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Why The Pandemic Might Still Be Messing With Your Sleep + What To Do

Emma Loewe
mbg Senior Sustainability Editor By Emma Loewe
mbg Senior Sustainability Editor
Emma Loewe is the Senior Sustainability Editor at mindbodygreen, the co-author of "The Spirit Almanac," and the author of "Return to Nature" (Spring 2022).
Cropped Photo of a Woman Sitting on a Bed
This article was produced to support the mindbodygreen supplements+ line. Our supplements adhere to the highest standards of ingredients and quality. We hope you enjoy these products, for more information click here.

As vaccines roll out and restrictions ease, life is starting to return to normal across much of the country. But according to recent data by the American Academy of Sleep Medicine (AASM), our sleep might still be stuck in 2020.

What the latest sleep numbers say.

Last summer, the AASM confirmed what many of us suspected: The stress and unease of the pandemic were causing sleep disruptions across the country. Its July 2020 survey of 2,007 American adults found that around one-third of people reported COVID-19 was making their sleep quality worse.

To track how sleep patterns have shifted over the past year, the AASM conducted the same survey again this March. The results were counterintuitive: Despite the progress being made against the pandemic, our sleep appeared to be getting worse, not better. In this follow-up survey, 56% of Americans reported sleep issues due to COVID. Men, people ages 35 to 44, and people living in the Northeast were most likely to report "COVID-somnia."

"A lot of people thought that our sleep should be getting better because we can see the light at the end of the tunnel—but it's worse now than it was last year," Fariha Abbasi-Feinberg, M.D., a sleep medicine specialist and spokeswoman for the American Academy of Sleep Medicine, told the New York Times of these new numbers.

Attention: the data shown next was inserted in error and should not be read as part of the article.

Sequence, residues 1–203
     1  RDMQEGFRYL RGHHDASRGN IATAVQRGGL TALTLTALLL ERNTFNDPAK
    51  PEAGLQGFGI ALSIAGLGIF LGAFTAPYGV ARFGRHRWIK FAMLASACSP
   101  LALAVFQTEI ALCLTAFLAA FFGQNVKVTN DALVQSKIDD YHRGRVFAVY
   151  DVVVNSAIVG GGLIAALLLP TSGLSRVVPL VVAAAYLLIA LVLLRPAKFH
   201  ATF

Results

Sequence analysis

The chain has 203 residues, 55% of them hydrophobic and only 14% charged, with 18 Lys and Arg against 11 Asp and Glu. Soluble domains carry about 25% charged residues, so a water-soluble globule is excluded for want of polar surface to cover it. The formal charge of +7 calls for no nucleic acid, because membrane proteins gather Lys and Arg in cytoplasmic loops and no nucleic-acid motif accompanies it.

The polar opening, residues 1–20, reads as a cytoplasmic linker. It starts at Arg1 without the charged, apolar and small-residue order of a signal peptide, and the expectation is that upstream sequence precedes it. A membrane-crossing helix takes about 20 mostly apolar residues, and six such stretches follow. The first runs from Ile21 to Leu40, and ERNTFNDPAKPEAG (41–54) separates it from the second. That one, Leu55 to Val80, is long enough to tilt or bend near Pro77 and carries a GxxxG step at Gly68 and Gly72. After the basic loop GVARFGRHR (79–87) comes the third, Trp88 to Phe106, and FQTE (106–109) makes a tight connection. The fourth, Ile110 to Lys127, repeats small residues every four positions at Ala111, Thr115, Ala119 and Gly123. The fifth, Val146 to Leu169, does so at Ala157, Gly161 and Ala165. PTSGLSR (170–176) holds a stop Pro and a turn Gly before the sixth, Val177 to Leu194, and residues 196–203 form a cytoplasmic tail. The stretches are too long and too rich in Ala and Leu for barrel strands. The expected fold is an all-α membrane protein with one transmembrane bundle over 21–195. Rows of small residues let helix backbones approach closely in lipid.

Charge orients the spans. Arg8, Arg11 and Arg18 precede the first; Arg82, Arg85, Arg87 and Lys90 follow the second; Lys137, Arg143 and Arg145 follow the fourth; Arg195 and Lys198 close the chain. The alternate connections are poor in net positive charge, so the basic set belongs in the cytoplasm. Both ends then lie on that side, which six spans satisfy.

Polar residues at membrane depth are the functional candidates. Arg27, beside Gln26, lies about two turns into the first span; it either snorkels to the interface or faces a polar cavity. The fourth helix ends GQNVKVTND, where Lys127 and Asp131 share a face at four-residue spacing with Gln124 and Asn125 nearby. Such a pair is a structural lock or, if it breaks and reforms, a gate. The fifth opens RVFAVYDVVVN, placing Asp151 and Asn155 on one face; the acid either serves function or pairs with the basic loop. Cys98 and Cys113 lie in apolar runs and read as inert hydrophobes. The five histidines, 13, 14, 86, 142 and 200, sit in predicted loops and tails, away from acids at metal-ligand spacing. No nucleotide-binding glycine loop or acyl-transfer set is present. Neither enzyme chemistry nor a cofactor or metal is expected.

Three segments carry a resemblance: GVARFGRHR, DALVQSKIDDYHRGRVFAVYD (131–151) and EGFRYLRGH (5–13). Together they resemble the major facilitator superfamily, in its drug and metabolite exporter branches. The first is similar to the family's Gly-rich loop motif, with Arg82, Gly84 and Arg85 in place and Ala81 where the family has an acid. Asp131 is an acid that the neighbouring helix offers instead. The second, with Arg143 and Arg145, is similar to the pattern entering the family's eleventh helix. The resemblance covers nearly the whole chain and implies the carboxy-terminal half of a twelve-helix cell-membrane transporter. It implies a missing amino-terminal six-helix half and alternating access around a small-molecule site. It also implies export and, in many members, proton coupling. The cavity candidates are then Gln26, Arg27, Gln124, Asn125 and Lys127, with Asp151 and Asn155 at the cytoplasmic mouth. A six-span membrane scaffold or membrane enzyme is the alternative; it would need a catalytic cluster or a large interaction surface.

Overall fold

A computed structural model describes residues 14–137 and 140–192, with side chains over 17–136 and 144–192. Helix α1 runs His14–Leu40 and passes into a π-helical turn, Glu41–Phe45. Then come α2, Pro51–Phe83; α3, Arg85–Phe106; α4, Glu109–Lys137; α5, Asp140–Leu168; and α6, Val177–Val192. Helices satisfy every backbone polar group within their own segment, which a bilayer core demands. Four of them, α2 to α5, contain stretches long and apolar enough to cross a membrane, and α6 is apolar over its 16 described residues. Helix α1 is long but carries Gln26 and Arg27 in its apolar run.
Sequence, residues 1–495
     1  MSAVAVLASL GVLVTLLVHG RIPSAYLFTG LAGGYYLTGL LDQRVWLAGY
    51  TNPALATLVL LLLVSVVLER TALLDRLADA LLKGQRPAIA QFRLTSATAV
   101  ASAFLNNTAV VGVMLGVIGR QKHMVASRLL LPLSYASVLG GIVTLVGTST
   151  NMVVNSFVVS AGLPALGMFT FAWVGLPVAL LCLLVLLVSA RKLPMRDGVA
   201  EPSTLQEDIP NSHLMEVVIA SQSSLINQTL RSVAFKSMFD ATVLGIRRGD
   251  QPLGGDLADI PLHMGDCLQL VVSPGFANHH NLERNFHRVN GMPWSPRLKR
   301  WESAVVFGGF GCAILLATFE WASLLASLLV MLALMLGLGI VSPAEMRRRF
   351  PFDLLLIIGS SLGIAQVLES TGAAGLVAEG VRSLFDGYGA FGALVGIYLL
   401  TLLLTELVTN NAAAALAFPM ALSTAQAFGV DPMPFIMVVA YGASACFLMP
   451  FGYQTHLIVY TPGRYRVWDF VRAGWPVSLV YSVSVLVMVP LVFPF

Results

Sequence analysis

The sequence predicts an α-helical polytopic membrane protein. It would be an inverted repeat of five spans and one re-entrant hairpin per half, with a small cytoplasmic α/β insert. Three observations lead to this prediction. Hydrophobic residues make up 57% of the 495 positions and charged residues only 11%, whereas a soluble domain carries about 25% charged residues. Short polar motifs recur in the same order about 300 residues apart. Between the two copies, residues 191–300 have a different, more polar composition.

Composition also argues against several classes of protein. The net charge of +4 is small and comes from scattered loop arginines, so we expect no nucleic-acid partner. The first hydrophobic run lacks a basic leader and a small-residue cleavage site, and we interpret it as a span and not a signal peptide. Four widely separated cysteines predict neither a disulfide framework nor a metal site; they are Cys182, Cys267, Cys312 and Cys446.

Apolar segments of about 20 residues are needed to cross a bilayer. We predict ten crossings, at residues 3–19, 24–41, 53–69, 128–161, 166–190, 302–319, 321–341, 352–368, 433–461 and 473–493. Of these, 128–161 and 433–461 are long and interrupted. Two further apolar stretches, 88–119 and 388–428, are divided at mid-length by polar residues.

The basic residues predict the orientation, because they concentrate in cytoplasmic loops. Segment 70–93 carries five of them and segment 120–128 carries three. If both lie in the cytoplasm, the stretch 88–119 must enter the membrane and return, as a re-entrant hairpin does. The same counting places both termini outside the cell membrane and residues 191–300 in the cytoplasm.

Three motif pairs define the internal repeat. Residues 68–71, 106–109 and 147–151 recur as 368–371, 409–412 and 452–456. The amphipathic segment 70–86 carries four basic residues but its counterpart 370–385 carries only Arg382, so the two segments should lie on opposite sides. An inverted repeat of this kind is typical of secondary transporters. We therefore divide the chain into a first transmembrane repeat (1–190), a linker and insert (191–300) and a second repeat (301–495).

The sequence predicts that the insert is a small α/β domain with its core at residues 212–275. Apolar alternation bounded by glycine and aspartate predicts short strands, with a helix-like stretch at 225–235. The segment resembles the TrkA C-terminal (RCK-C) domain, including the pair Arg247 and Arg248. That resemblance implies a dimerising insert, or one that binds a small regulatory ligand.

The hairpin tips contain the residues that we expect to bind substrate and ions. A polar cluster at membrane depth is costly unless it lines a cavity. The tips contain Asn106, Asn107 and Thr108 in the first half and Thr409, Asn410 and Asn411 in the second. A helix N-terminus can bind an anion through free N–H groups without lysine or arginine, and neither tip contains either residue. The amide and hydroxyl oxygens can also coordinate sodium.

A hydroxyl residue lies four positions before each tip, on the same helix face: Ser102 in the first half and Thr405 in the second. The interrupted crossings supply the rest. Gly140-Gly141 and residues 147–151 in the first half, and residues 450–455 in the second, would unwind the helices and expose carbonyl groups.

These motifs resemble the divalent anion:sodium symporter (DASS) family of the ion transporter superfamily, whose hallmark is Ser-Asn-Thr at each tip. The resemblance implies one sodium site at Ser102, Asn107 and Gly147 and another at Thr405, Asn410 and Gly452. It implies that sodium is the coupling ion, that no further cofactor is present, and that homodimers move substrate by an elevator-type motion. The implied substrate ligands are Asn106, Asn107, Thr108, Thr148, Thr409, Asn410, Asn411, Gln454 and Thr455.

This paradox makes more sense when you consider the triggers of COVID-somnia—many of which are still very much present. For example, millions of people are still working from home and sleeping in later due to the lack of commute, which can throw off sleep rhythms. Looser schedules also mean more variation in bedtime and wake-up time, another potential threat to sleep quality. It's reasonable to think that those working from home are also still getting outside and moving their body less than they were in pre-pandemic days. And with social calendars beginning to fill up again, consumption of booze—a major sleep disrupter—is on the rise again. Finally, the lingering anxiousness surrounding the pandemic in the U.S. and abroad might be continuing to keep people up at night.

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What to do about it.

If pre-pandemic sleep quality is still a distant dream for you, this survey shows you're not alone. When we asked Michael J. Breus, Ph.D., a clinical psychologist who specializes in sleep and sleep disorders, for his advice on how to get back on track after the throes of the pandemic, he gave us some best practices that still hold true: Make exercise and consistent movement a priority if you're still working from home, limit caffeine and booze as much as possible (especially later in the day), and get outside as often as you can—the earlier the better.

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For a little extra support, you also might want to consider a sleep supplement. mbg's sleep support+ was formulated to help with the most common types of sleep challenges people mentioned in the AASM report: trouble falling and staying asleep.* The blend of magnesium bisglycinate, jujube, and PharmaGABA® calms the overactive mind and promotes relaxation to help you fall asleep faster, stay asleep longer, and wake up feeling rejuvenated.* While you can't out-supplement an unhealthy nighttime routine, when paired with good lifestyle choices, it's designed to help you sleep soundly through whatever life throws your way next.*

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